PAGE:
No parties, curfews on restaurants: Italy tightens virus measures
The Italian government is tightening measures against the spread of the novel coronavirus, with bans on private parties and a curfew for bars and restaurants.
Eating and drinking establishments will have to close at midnight, and people will no longer be allowed to huddle outside their premises from 9 pm.
Prime Minister Giuseppe Conte signed a decree containing the new measures overnight, the national news agency ANSA reported. The document was not yet made public, according to Deutsche press agency (dpa).
According to reports, it limits attendance numbers at ceremonies like weddings, baptisms and funerals to 30 and recommends mask-wearing even at home when friends or relatives visit.
The government is also urging citizens to refrain from all dinners and other meetings with more than six non-household members at home, and has banned all school trips, ANSA said.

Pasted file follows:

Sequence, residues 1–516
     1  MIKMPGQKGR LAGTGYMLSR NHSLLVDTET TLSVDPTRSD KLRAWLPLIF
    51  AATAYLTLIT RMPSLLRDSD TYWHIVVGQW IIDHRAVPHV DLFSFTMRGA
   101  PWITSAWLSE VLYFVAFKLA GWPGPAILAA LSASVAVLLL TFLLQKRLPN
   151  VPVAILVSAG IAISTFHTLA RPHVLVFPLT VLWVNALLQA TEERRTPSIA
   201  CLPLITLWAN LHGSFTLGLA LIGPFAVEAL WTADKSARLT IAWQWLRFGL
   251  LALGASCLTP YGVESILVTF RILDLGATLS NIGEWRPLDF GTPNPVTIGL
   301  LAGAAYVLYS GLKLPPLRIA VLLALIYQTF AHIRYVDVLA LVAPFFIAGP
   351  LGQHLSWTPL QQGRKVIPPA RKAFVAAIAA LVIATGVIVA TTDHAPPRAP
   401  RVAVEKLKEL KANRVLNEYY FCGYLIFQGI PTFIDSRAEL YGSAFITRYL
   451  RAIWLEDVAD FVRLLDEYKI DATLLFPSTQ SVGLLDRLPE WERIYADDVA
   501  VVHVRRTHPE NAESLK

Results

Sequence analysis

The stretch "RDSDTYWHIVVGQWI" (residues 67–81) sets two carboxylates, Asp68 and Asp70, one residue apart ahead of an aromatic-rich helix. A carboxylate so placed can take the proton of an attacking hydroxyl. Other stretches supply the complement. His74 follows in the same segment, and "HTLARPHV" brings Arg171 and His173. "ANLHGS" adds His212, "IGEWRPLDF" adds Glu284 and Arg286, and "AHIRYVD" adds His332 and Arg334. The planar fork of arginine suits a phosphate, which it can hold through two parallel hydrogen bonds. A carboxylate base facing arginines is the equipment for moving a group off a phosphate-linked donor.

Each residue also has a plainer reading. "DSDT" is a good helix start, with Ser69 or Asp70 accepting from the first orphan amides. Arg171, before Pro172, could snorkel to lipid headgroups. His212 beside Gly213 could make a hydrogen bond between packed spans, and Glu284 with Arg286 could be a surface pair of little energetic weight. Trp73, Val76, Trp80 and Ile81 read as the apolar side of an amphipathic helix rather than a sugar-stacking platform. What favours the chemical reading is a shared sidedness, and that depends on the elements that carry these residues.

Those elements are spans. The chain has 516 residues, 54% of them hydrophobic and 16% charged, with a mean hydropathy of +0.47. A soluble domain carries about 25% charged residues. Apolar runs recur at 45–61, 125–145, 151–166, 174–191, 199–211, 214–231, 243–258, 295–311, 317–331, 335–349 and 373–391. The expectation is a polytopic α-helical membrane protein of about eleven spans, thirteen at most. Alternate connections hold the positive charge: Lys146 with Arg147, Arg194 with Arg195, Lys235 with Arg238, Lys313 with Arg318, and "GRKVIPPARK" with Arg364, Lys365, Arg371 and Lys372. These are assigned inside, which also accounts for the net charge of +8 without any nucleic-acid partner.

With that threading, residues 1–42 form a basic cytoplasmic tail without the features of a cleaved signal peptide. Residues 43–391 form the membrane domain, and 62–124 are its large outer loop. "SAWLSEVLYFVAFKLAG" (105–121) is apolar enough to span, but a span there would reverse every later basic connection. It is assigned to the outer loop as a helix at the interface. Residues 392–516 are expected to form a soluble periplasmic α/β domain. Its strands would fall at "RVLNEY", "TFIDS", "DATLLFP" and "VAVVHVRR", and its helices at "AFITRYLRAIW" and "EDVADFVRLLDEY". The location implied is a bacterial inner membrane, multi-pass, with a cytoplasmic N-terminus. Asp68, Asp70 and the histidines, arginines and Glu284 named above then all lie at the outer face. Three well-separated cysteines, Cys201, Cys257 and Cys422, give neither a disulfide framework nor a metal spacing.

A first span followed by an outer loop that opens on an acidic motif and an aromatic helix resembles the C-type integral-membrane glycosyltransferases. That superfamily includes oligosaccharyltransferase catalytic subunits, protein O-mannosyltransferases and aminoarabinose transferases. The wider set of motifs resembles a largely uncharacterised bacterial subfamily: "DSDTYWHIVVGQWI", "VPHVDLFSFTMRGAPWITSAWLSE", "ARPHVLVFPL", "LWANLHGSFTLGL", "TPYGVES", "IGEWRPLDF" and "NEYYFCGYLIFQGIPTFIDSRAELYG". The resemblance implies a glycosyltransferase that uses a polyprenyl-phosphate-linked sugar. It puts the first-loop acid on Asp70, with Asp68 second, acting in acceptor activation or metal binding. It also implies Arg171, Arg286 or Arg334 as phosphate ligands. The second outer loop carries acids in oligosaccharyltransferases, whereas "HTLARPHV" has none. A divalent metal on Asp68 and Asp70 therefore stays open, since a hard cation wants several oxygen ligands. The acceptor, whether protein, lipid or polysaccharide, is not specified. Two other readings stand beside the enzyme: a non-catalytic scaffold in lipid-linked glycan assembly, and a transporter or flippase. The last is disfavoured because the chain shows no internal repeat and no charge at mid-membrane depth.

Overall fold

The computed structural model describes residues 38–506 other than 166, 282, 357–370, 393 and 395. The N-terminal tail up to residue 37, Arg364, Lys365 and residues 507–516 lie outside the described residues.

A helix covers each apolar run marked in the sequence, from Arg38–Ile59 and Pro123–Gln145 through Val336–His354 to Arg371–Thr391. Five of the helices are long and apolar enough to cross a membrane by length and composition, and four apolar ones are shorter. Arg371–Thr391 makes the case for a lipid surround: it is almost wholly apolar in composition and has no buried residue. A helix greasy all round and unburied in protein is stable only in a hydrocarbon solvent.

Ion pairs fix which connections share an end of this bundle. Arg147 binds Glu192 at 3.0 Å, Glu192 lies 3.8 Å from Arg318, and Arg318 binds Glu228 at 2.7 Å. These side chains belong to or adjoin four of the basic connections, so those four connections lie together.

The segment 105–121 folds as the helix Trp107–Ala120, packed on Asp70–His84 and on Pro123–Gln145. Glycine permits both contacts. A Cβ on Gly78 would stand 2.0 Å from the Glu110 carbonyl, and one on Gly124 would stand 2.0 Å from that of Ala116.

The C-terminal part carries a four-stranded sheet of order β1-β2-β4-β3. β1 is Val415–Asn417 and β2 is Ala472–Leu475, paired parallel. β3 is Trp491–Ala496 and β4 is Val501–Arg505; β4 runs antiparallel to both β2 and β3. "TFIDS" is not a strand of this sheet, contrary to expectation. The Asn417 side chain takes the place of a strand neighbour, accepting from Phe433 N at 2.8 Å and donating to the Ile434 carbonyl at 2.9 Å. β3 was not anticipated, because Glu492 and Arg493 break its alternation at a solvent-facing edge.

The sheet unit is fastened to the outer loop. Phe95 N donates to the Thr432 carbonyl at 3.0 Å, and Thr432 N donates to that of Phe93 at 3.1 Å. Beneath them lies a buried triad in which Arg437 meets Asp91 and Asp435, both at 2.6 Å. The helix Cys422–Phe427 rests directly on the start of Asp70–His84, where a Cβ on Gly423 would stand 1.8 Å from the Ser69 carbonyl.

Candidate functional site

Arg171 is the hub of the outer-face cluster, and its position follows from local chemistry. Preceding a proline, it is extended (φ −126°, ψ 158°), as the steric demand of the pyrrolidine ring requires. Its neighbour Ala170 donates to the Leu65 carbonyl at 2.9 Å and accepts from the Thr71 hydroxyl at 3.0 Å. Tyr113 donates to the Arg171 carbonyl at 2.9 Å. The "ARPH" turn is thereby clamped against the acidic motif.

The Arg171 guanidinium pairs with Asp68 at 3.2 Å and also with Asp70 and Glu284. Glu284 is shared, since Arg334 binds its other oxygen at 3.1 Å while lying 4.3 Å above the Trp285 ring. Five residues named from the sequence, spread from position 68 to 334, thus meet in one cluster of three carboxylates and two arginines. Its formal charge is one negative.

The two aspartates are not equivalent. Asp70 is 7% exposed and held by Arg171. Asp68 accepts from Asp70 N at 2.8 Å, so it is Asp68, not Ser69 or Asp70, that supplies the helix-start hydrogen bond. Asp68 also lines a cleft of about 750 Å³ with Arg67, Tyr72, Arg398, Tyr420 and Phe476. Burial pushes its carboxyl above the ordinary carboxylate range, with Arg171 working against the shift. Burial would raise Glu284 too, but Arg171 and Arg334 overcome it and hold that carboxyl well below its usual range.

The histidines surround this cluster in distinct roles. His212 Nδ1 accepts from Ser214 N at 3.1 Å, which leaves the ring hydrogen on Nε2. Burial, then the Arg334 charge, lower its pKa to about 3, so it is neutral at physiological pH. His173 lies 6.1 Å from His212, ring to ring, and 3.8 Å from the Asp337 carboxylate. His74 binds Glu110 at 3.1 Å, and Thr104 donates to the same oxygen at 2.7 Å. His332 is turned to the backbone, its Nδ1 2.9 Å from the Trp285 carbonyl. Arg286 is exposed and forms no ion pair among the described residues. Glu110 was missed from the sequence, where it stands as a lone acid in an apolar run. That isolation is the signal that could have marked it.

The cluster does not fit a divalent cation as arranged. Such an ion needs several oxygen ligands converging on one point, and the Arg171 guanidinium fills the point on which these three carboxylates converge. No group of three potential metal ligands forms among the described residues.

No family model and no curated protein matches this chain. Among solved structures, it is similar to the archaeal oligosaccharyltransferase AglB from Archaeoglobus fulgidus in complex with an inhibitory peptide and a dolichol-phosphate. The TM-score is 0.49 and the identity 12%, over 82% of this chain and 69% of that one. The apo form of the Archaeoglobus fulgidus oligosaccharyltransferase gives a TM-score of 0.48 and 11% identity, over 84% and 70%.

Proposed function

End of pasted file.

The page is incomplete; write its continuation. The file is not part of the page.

The new rules are to apply for 30 days.
In a separate move, the Health Ministry on Monday lowered most coronavirus quarantine and isolation periods from 14 to 10 days, a day after experts backed the move.
Until October 1, Italy's coronavirus caseload remained under 2,000 per day, but numbers have since spiralled upwards and went beyond 5,700 on Saturday, a near record.
On Monday, the figure fell to 4,619, but post-weekend infection figures always tend to be lower due to reduced testing capacity on Saturdays and Sundays.
With the latest update, Italy's total infections count reached 359,569, and overall death toll from the pandemic increased by 39, hitting 36,205.